Saturday, January 15, 2011

House Hunting, Part 2: This Old House

Today I decided to take a look at another home that is on the market. This time, I was very excited about not only the location (just 3 blocks walk to the heart of downtown Napa) but also another special feature: the home is a Victorian that was built in 1895.

I love Victorian architecture, and Napa is brimming with these 100-year-old homes. Not all of them are Victorian style, some are craftsman or farmhouse architecture. And, even in the Victorian vein, you may not realize that there are several different styles including the squarish Italianate style and the also-boxy Second Empire style which you might recognize from the house in the movie Psycho (which looks exactly like one that sits on a hill in the valley, across from the Folie a Deux tasting room on 29)

This is not to say that these homes are a dime a dozen. It's still a pretty rare opportunity to find one in my price range (under $400k), and especially one that is right downtown to boot. So I have to go into this with caution and wonder what is up. Walking through the home, it seems great -- stained glass window over the door, vaulted ceilings, bay window overlooking a cool old stone building across the street, a beautiful tiled fireplace, and new paint, inside and out (unfortunately, you have to wonder what that paint is hiding).

It seems like a golden opportunity -- after all, this home was selling for over $600k just a few months ago, then was foreclosed and bank-owned and put on the market for $440k, and now is being listed at $399k. However, the previous seller (who backed out of the sale) got a foundation report which says that the foundation cannot be inspected or fixed without demolishing the finished basement... to the tune of $70,000. More ($145k) is the basement is to be redone back to its finished state. This is a huge bargaining chip, and the reason why I could get the home for $350k... or maybe less. But it's quite scary to think that the home could have a faulty foundation which would cost that much to fix.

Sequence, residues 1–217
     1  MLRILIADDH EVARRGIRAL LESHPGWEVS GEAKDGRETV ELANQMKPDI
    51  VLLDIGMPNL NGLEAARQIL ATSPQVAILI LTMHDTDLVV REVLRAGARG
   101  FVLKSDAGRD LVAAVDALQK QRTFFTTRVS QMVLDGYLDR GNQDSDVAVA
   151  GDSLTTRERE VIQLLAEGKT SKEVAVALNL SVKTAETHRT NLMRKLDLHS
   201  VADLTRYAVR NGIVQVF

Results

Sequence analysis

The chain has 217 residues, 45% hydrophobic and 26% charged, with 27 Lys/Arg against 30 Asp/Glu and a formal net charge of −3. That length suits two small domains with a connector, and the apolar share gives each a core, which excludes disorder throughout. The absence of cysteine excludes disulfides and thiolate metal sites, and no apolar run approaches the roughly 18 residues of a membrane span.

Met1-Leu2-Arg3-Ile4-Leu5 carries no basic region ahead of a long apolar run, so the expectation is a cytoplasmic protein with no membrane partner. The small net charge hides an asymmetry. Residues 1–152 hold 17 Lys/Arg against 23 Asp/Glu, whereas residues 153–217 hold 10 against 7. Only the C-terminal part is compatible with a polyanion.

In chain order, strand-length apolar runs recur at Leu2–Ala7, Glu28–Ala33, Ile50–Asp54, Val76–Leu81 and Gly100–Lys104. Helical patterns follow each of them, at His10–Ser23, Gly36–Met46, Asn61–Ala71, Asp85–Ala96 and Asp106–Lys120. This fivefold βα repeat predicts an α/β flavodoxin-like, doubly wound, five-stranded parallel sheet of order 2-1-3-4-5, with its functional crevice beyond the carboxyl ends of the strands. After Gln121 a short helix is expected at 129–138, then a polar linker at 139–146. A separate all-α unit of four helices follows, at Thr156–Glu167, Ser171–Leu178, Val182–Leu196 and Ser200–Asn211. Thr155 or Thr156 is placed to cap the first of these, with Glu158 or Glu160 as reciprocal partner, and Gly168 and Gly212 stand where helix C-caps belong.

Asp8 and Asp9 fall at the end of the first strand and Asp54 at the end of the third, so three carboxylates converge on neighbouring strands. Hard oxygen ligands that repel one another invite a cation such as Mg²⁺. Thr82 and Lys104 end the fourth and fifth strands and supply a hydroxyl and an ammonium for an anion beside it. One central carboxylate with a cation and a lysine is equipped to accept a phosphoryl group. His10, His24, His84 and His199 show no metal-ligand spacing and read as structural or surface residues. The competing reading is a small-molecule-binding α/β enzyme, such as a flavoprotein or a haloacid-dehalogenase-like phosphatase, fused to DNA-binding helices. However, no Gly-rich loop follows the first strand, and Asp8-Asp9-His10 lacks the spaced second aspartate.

Even aside from this, there are special considerations most people don't even realize when they see these beautiful old Victorian homes:
  • lead paint was originally used (not a concern for me, but something to keep in mind if you need to do sanding or stripping or if you have toddlers that chew on things)
  • lead plumbing was originally used (however, in most cases this has been removed and replaced by now)
  • the houses do shift and settle over time, which could cause uneven floors, ceilings, and walls, as well as stuck doors and cracked windows and tileslath-and-plaster walls means there are likely to be cracks in the walls, and it's harder to hang pictures or to make renovations
  • there are historical preservation codes that must be met, in which any fixing or alteration of exterior appearance must go through a permit process first and must match the original appearance
It's pretty amazing to think about, especially when you look at beautifully restored Victorian homes like the one across the street from this one I am considering putting an offer on. The one across the street is a large Victorian owned by Erik Nickel, nephew of Gil Nickel (founder of Far Niente winery) and owner of Nickel & Nickel winery a few minutes up the valley

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